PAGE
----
Botox, The Anti-Wrinkle Drug, Has Been Approved By The FDA To Treat Crow’s Feet

 @Keemohan
on September 12 2013 2:27 AM
Botox
Howard Sobel, attending dermatologist and dermatologic surgeon at Lenox Hill Hospital in New York, demonstrates how botox or other anti-wrinkle medicines are applied via syringe to a patient at his office in New York City March 22, 2013. Reuters

Botox, the anti-wrinkle drug, has been approved by the Food and Drug Administration, or FDA, to temporarily treat wrinkles around the eyes -- or crow’s feet as they are commonly known -- in adults.  

The drug, which is marketed as Botox Cosmetic, was approved more than a decade ago for temporarily removing frown lines and wrinkles, besides treating medical conditions such as chronic migraine, underarm sweating and eyelid spasms.

“This additional indication will provide people with a new FDA approved treatment option for those seeking a smoother appearance by temporarily minimizing the appearance of crow’s feet at the sides of the eyes,” Susan Walker, director of the Division of Dermatology and Dental Products in the FDA’s Center for Drug Evaluation and Research, said in a press statement, on Wednesday.

But, doctors have been using Botox, or onabotulinumtoxinA, to smoothen crow’s feet without the FDA's approval for years now, Jennifer Walden, a Texas-based plastic surgeon, told CBSNews.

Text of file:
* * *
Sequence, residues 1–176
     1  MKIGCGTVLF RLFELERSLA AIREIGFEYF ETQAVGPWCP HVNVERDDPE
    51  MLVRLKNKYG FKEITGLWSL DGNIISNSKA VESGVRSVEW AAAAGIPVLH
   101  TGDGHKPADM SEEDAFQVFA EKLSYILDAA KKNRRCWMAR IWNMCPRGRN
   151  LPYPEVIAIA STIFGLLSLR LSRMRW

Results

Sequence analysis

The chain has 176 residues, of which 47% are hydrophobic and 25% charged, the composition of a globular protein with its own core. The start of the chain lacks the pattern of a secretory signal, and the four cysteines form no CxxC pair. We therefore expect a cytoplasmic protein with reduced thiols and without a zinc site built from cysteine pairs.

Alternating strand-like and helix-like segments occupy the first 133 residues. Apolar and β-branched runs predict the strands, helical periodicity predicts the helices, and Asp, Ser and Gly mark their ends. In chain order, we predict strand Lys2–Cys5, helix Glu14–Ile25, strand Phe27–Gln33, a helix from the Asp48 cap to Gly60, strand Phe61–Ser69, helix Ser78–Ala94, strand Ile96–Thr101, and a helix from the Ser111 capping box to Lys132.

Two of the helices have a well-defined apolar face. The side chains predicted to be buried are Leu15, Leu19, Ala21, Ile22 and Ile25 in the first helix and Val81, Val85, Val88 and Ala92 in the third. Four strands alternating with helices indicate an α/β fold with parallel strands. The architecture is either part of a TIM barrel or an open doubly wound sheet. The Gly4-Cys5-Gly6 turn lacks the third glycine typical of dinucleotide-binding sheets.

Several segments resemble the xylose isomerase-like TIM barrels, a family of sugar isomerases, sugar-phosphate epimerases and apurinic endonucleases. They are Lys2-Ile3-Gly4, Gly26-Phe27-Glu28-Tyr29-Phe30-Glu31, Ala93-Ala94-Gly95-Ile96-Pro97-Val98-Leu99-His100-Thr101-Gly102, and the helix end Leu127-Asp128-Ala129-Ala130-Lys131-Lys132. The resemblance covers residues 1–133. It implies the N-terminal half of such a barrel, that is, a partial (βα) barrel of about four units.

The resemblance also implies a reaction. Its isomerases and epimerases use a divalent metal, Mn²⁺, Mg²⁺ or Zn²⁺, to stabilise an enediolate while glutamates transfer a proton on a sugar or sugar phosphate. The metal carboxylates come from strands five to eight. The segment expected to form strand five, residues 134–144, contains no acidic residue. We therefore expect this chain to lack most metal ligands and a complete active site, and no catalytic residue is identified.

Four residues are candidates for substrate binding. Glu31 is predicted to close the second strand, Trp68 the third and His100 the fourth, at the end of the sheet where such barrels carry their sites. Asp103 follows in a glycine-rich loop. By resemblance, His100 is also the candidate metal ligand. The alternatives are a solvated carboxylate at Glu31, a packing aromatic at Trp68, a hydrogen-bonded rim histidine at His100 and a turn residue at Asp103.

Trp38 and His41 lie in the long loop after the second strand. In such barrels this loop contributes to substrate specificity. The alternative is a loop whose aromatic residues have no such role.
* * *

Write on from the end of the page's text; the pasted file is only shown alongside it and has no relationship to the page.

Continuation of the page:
The product’s competitors -- Xeomin and Dysport -- have long been used to treat frown lines. But, Botox is the first to be approved to treat crow's feet, according to CBSNews.

Now, with FDA approving the drug, it gives “you an added benefit and safety of saying that I'm not doing anything illegal or potentially harmful," Marco Harmaty, a plastic and reconstructive surgeon at the Mount Sinai Medical Center in New York City, told CBSNews.

The anti-wrinkle effects of Botox Cosmetic, which temporarily paralyzes facial muscles to make wrinkles less prominent, lasts for about six months. However, there are side effects to using the drug, and the most common among them is eyelid edema, a condition where the eyelids become swollen from excessive fluid.

The drug is manufactured by Allergan Inc. (NYSE:AGN) based in Irvine, Calif., and FDA’s approval of the drug comes after two clinical efficiency and safety studies of the drug were undertaken.

On Wednesday, Allergan's stock, which is trading near its 52-week low, closed down 1.17 percent at $87.75 on the New York Stock Exchange.

Share this article